346-719-0027 for Puppies

There are generally three most common root causes of a Frenchie aggression: trauma, careless breeding and lack of socialization.
Trauma usually includes abuse, neglect, agitation, and fear. A Frenchie that has been treated badly when he was a puppy is more likely to be aggressive. That is why it is of enormous importance to meet the previous owners if you are buying or adopting an adult Frenchie.

Another big cause of aggression is careless breeding. This trait is partially heritable and if you are breeding two aggressive Frenchie’s, their offspring will most likely exhibit that aggressive trait to a certain level. The best way to avoid having an aggressive Frenchie is by buying a puppy that is not aggressive. If you want my advice- when buying a puppy, always ask the breeder to let you meet the puppy’s parents. If he refuses, there must be something wrong with them and you should not be buying a puppy of unknown or suspicious origin.
The third cause is the lack of socialization. I wrote about this subject before and I cannot stress enough the importance of proper and early socialization. A Frenchie that is not socialized is most often a Frenchie that is afraid of everything and everyone.

Fear is a huge factor when it comes to aggression and the first 20 weeks of Frenchie’s life are crucial. During that period, the puppy should be exposed to as many as possible new and positive experiences. Those experiences should include meeting and being handled by new people and also interacting with other animals. You also need to expose him to loud or strange noises, take him to places with children, to markets or take him for short car rides, in order to help him cope with new situations without fear. All these actions are necessary if you want to raise well adjusted, non-aggressive Frenchie.

There are also various methods for modifying aggressive behavior. One of them is the so-called CAT method, which stands for Constructional Aggression Treatment. It is based on removing the Frenchie from his comfort zone and making him accept the thing (another animal or human) or the situation that he is afraid of, a situation that raises his adrenaline or makes him uncomfortable in some way. It is the opposite of keeping an aggressive dog in isolation. This way, you are giving him the message “No matter how much you bark and protest, the “enemy” is not leaving. It is going to stay right here in your face, so you better calm down!”. It forces him to accept the situation and realize the thing that is making him fearful is not that bad after all or threatening and the dog starts to accept those circumstances in a calm way. After repeating this treatment for long enough, the dog realizes that the calm reaction, rather than an aggressive one, will get him what he wants. After he starts behaving appropriately, the object of focus can be removed.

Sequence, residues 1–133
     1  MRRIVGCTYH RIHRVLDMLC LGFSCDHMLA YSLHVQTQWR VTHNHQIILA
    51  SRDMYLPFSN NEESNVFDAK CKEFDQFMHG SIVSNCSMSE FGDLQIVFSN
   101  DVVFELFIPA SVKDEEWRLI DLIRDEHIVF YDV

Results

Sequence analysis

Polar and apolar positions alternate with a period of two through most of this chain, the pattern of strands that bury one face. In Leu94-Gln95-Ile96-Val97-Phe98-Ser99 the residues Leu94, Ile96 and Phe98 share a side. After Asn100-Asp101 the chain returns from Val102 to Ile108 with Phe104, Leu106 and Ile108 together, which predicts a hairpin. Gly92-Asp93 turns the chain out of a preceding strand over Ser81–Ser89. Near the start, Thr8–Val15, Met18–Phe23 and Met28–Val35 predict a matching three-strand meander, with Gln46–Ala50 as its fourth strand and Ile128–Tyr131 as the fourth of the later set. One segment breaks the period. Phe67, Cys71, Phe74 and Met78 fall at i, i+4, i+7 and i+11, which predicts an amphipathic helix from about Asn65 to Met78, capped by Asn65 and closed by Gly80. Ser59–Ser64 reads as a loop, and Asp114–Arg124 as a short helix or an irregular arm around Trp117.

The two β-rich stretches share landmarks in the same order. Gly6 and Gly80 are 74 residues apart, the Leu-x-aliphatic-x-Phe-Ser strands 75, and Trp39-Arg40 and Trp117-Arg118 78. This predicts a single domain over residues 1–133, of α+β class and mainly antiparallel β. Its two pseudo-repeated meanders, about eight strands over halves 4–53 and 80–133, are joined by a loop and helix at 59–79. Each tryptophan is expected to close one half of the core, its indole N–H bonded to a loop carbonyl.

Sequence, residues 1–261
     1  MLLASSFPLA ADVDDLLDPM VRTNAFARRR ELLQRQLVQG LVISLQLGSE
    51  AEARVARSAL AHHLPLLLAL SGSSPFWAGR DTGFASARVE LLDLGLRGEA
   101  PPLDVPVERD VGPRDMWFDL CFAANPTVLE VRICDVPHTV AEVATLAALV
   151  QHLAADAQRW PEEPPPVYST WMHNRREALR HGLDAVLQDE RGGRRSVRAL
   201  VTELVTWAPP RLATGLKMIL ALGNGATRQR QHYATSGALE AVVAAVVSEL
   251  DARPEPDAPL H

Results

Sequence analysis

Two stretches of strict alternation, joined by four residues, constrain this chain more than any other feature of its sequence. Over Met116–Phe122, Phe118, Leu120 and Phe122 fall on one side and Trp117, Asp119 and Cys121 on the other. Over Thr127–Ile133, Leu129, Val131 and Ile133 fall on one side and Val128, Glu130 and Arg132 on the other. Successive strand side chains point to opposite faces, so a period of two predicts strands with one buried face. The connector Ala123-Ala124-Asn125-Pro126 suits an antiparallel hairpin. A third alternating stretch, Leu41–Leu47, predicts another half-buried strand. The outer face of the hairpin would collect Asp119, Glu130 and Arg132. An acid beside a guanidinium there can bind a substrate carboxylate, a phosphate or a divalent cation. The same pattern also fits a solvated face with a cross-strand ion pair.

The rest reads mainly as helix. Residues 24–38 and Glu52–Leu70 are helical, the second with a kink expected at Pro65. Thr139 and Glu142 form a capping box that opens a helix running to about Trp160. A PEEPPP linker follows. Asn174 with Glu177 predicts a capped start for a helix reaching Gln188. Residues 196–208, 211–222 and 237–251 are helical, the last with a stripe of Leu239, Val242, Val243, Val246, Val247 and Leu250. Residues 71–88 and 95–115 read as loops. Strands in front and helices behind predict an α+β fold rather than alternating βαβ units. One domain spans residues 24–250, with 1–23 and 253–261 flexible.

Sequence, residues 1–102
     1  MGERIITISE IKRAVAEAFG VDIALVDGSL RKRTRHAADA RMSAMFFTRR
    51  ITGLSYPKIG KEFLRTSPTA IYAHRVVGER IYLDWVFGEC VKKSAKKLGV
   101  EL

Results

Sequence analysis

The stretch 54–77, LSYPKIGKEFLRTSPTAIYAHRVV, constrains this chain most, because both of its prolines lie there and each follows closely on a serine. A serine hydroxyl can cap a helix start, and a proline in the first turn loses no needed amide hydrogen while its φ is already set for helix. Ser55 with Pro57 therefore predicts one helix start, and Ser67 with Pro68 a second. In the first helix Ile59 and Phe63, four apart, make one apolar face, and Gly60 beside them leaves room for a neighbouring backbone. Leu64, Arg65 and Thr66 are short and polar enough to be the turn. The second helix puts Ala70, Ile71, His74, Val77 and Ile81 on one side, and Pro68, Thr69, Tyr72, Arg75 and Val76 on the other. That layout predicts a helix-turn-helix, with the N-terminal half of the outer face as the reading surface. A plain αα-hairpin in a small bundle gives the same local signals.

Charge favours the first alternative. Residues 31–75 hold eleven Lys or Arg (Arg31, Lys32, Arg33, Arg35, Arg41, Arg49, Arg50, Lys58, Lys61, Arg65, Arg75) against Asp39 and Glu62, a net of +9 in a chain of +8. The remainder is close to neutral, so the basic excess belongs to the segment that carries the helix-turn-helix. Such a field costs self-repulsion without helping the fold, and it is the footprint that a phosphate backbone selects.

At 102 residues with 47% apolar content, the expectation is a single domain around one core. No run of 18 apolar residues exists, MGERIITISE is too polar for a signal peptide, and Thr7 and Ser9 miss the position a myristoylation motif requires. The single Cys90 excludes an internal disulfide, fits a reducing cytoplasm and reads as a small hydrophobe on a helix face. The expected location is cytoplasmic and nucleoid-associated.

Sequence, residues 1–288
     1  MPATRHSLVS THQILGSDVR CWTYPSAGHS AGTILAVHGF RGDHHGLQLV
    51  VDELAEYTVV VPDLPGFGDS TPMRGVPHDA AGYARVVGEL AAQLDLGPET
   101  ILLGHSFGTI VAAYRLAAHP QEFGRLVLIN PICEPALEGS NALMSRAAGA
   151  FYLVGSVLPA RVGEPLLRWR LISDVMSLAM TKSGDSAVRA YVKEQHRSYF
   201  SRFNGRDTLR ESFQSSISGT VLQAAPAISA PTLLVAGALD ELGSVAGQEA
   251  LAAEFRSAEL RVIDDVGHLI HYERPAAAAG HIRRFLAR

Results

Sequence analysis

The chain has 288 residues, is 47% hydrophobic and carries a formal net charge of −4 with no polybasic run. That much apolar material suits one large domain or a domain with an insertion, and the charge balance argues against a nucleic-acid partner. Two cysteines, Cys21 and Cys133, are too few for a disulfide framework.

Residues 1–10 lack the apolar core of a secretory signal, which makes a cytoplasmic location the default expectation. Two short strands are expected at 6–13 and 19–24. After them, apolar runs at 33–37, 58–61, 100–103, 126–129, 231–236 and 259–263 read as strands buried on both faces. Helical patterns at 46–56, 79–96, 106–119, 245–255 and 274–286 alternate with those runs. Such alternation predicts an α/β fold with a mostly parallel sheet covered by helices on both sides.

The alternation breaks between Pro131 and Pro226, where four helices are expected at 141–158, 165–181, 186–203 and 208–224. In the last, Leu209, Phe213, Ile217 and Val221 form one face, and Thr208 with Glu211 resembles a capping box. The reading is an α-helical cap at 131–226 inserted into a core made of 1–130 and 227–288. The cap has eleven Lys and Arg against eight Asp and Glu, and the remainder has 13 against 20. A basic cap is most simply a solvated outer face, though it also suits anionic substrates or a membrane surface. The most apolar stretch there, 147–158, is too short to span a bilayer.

If you have read articles about the socialization of Frenchie’s, you realize that this treatment is basically just a delayed socialization process. It is teaching an adult Frenchie to cope with new or strange situations. If you had taught him to accept new situations, people and animals while he was still a puppy, you wouldn’t have had to teach him all that now.

When it comes to French Bulldogs that are aggressive to other dogs, you can try barricading him and separating him with sliding glass doors from other Frenchie that are playing outside. That way he can see how much fun other Frenchie are having together. Later, when they come inside to drink water, if the aggressive Frenchie starts barking or growling at other dogs, you must correct his behavior and let him know that is a big no-no! If he behaves properly, pet him on the head and let him know that kind of behavior is desirable by saying things like “good boy” or “good girl” and the Frenchie will sense your rewarding attitude.
After the appropriate behavior pattern is established, you can let him play with other dogs, but make sure those are dogs that are well socialized and non-aggressive. That way even if he starts growling or creating drama, other dogs will ignore him and once he realizes he is not threatened in any way, he will calm down.
Like any training, this also takes time, consistency and patience and it doesn’t happen overnight, but it is certainly worth the effort.